First, Carr’s reference to the “Jewish minority” and “Palestinian majority” is factually erroneous. According to figures released by the Israeli Central Bureau of Statistics, Israel’s total population at the end of 2013 was 8,132,000 of whom 6,102,000 (75.2%) were Jews, 1,682,000 (20.6%) were Arabs (Bedouin and Palestinian) and 348,000 were neither Jews nor Arabs (mostly non-Arab Christians). These figures do not include the Arab populations of the West Bank and Gaza Strip because Israel has never annexed these territories, which the Palestinians see as part of their own distinct State (along with east Jerusalem).
Yet, even if one adds in the Arab populations of the West Bank and Gaza Strip and counts all Arabs as Palestinians, the total populations of Israel – according to figures released in July this year by the CIA World Fact Book – West Bank and the CIA World Fact Book – Gaza Strip – still points to a majority of Jews (51.42%) compared to the Arab population (48.58%).
Yet more importantly, Carr’s brash application of the ‘apartheid’ slur fails to capture the crucial differences between the Israeli-Palestinian conflict and the conditions of apartheid-era South Africa. The clash in South Africa was a struggle by blacks for equal rights to white citizens, whom they identified as part of the same national community. Within Israel, however, Palestinians and other non-Jewish people are fully-fledged citizens with voting rights and equal access to healthcare and social services. There are currently twelve of them in the Israeli Parliament, many serve as judges in Israeli courts and they are fully integrated in public schools and universities.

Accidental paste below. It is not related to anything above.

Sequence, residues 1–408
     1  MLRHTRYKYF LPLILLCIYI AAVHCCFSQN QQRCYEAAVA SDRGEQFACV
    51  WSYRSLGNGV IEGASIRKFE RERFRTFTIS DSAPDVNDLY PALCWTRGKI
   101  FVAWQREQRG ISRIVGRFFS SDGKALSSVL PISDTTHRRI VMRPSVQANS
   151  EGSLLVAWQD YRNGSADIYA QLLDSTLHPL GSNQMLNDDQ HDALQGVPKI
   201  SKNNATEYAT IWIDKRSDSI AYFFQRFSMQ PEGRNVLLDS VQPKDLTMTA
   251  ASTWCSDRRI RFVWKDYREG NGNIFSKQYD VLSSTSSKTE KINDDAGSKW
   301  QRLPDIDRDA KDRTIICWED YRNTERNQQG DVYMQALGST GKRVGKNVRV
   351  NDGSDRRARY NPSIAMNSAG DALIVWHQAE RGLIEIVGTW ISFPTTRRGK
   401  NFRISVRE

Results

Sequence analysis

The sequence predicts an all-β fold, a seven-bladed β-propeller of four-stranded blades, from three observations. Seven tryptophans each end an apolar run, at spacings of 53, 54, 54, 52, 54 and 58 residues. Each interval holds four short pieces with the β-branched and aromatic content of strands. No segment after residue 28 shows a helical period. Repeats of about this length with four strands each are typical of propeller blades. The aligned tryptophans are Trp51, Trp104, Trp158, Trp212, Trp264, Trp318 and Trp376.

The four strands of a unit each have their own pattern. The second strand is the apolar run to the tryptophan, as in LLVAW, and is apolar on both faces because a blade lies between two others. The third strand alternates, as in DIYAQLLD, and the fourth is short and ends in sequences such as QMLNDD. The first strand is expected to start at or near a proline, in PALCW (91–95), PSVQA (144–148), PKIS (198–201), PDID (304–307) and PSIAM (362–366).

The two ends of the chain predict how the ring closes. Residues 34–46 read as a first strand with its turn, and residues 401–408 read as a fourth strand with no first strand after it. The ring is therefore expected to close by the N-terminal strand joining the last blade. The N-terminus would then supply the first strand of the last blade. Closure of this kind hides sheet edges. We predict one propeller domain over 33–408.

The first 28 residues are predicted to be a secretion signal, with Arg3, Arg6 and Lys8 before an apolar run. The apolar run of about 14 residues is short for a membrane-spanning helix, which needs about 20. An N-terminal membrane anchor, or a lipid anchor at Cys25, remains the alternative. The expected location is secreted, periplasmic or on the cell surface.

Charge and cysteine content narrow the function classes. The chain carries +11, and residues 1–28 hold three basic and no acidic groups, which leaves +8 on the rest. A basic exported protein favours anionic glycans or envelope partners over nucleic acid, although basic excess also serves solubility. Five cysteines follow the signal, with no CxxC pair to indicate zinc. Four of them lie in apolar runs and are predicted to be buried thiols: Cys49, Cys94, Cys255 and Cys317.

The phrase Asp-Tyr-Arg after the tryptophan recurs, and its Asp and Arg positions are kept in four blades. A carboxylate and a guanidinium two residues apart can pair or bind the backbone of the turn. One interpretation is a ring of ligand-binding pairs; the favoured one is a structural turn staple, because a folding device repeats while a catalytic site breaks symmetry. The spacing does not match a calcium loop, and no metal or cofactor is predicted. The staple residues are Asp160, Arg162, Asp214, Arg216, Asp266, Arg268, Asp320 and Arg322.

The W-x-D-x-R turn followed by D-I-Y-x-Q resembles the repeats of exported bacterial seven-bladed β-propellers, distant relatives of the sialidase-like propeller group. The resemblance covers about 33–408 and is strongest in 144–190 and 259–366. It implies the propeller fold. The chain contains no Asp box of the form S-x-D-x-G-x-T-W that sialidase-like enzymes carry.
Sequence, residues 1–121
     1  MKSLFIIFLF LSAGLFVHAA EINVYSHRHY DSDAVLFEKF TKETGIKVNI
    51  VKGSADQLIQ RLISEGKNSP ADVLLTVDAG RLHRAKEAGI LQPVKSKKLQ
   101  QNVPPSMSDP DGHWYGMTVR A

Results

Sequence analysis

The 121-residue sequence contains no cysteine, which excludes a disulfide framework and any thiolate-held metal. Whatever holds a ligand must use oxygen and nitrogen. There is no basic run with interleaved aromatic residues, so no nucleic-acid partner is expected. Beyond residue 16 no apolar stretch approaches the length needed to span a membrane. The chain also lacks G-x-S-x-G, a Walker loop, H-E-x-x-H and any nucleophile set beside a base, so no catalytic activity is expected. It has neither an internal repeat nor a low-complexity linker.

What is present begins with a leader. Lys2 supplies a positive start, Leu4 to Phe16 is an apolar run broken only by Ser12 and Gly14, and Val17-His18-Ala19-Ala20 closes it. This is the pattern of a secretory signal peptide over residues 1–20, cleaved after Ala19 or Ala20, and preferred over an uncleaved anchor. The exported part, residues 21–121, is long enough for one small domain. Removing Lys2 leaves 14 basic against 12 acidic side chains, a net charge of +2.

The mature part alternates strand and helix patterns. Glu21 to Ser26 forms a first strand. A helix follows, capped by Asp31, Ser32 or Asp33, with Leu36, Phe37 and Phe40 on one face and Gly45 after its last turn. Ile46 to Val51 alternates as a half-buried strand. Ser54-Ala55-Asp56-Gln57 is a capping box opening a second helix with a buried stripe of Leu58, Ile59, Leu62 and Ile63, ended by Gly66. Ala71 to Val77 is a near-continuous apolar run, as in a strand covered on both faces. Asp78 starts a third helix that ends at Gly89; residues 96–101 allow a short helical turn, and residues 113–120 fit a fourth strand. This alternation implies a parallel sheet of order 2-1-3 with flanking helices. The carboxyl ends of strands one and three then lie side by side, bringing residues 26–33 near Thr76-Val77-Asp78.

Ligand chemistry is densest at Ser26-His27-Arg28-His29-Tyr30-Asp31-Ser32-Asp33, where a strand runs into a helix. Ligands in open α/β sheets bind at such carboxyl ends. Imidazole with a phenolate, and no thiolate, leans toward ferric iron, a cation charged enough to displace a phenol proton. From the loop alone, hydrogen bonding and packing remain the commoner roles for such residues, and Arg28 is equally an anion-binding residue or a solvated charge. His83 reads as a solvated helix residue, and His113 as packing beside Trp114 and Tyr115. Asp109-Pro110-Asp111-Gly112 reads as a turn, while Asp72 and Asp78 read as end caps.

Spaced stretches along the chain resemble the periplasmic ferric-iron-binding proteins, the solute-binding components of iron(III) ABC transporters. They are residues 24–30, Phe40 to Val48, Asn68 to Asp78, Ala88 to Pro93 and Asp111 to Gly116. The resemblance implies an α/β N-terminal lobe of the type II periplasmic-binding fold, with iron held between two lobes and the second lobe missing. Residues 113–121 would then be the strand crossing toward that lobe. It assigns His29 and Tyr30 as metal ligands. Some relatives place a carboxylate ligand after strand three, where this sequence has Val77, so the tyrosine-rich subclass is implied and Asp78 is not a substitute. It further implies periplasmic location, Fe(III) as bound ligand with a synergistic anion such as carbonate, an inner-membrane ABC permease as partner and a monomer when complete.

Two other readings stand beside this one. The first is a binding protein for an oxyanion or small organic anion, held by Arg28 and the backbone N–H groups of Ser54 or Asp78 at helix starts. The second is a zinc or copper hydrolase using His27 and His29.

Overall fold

Tellingly, in an interview in May this year, Frederik Willem de Klerk, the former president of South Africa responsible for ending the country’s apartheid regime, stated unequivocally that it was “unfair” to refer to Israel as an apartheid state.
He said: “You have Palestinians living in Israel with full political rights…you don’t have discriminatory laws against them, I mean not letting them swim on certain beaches or anything like that. I think it’s unfair to call Israel an apartheid state.”
Happily Carr’s Labor colleagues have been pretty clear in taking on his ridiculous Apartheid claim and counter-productive claim that the way forward is to recognise the non-existent State of Palestine rather than facilitate the negotiations resolution which is the only possible practical way forward.
Shadow Foreign Affairs Spokesperson Tanya Plibersek has already commented, stating that recognition of Palestinian statehood must occur “in the context of a negotiated peace process,” further indicating, “I don’t think we should diminish the seriousness of the apartheid struggle in South Africa.”
Plibersek is not the only senior Labor figure to take issue with Carr’s comments; former Prime Minister Julia Gillard spoke openly on Carr and his appointment, which she termed a mistake, and continued that only “fruitful negotiations” would result in the creation of a Palestinian state (see previous AIJAC blog post here).
Bob Carr has continued his questionable and highly suspect use of sources as previously detailed in AIJAC posts (here and here). In his latest offering, he takes his unwillingness to actually look at the facts as presented by genuine experts to new lows, instead making his case based on a single sentence from an unnamed UK politician, unverified claims by an unnamed Christian volunteer, the fact that an American magazine put the issue of settler violence on its cover and a fictional TV show that concluded 8 years ago.
He also defers to Haaretz journalist, Gideon Levy, as his primary point of reference for the current status of Palestinians in Israel. Carr states: “Gideon Levy wrote in the Israeli newspaper Haaretz that it leaves them living with mass arrests (760 in a recent sweep, 260 of them children) expulsions, demolitions.”